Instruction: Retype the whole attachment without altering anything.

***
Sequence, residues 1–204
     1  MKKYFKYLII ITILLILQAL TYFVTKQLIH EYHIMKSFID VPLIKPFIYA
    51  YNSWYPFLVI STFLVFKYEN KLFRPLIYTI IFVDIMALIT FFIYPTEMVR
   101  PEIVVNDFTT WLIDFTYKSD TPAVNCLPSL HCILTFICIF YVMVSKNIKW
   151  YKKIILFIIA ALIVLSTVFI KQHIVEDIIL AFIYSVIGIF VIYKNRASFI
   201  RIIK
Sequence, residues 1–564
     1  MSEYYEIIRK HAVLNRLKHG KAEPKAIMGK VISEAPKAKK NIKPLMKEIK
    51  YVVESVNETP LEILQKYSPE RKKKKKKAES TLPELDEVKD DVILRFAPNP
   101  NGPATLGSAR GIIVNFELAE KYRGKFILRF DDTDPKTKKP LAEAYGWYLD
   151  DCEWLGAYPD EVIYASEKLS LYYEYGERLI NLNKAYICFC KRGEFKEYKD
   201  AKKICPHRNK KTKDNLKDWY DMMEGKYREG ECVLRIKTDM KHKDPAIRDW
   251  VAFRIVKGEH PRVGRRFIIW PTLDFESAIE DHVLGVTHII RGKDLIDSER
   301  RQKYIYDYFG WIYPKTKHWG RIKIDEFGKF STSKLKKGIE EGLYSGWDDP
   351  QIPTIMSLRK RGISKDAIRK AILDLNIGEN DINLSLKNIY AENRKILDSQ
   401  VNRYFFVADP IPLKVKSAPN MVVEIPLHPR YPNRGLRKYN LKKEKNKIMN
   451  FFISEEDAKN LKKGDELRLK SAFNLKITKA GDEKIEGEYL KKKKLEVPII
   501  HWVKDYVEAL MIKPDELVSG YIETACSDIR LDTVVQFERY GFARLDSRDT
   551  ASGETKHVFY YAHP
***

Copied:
Sequence, residues 1–204
     1  MKKYFKYLII ITILLILQAL TYFVTKQLIH EYHIMKSFID VPLIKPFIYA
    51  YNSWYPFLVI STFLVFKYEN KLFRPLIYTI IFVDIMALIT FFIYPTEMVR
   101  PEIVVNDFTT WLIDFTYKSD TPAVNCLPSL HCILTFICIF YVMVSKNIKW
   151  YKKIILFIIA ALIVLSTVFI KQHIVEDIIL AFIYSVIGIF VIYKNRASFI
   201  RIIK
Sequence, residues 1–564
     1  MSEYYEIIRK HAVLNRLKHG KAEPKAIMGK VISEAPKAKK NIKPLMKEIK
    51  YVVESVNETP LEILQKYSPE RKKKKKKAES TLPELDEVKD DVILRFAPNP
   101  NGPATLGSAR GIIVNFELAE KYRGKFILRF DDTDPKTKKP LAEAYGWYLD
   151  DCEWLGAYPD EVIYASEKLS LYYEYGERLI NLNKAYICFC KRGEFKEYKD
   201  AKKICPHRNK KTKDNLKDWY DMMEGKYREG ECVLRIKTDM KHKDPAIRDW
   251  VAFRIVKGEH PRVGRRFIIW PTLDFESAIE DHVLGVTHII RGKDLIDSER
   301  RQKYIYDYFG WIYPKTKHWG RIKIDEFGKF STSKLKKGIE EGLYSGWDDP
   351  QIPTIMSLRK RGISKDAIRK AILDLNIGEN DINLSLKNIY AENRKILDSQ
   401  VNRYFFVADP IPLKVKSAPN MVVEIPLHPR YPNRGLRKYN LKKEKNKIMN
   451  FFISEEDAKN LKKGDELRLK SAFNLKITKA GDEKIEGEYL KKKKLEVPII
   501  HWVKDYVEAL MIKPDELVSG YIETACSDIR LDTVVQFERY GFARLDSRDT
   551  ASGETKHVFY YAHP